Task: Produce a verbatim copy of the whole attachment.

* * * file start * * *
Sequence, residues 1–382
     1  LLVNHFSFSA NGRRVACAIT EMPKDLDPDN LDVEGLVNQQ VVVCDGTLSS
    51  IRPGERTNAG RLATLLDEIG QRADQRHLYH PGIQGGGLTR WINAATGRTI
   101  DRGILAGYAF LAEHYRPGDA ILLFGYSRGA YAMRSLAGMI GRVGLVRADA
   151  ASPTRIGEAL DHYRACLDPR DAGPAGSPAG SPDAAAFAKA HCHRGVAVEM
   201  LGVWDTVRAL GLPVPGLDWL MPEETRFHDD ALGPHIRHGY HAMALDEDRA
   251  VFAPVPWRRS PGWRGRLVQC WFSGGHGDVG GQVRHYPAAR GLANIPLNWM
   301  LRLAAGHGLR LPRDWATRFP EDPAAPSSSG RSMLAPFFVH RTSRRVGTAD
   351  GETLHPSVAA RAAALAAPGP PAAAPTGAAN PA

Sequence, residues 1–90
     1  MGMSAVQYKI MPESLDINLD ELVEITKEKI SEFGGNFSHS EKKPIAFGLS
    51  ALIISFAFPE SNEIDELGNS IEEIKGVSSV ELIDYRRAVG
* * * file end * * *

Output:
Sequence, residues 1–382
     1  LLVNHFSFSA NGRRVACAIT EMPKDLDPDN LDVEGLVNQQ VVVCDGTLSS
    51  IRPGERTNAG RLATLLDEIG QRADQRHLYH PGIQGGGLTR WINAATGRTI
   101  DRGILAGYAF LAEHYRPGDA ILLFGYSRGA YAMRSLAGMI GRVGLVRADA
   151  ASPTRIGEAL DHYRACLDPR DAGPAGSPAG SPDAAAFAKA HCHRGVAVEM
   201  LGVWDTVRAL GLPVPGLDWL MPEETRFHDD ALGPHIRHGY HAMALDEDRA
   251  VFAPVPWRRS PGWRGRLVQC WFSGGHGDVG GQVRHYPAAR GLANIPLNWM
   301  LRLAAGHGLR LPRDWATRFP EDPAAPSSSG RSMLAPFFVH RTSRRVGTAD
   351  GETLHPSVAA RAAALAAPGP PAAAPTGAAN PA

Sequence, residues 1–90
     1  MGMSAVQYKI MPESLDINLD ELVEITKEKI SEFGGNFSHS EKKPIAFGLS
    51  ALIISFAFPE SNEIDELGNS IEEIKGVSSV ELIDYRRAVG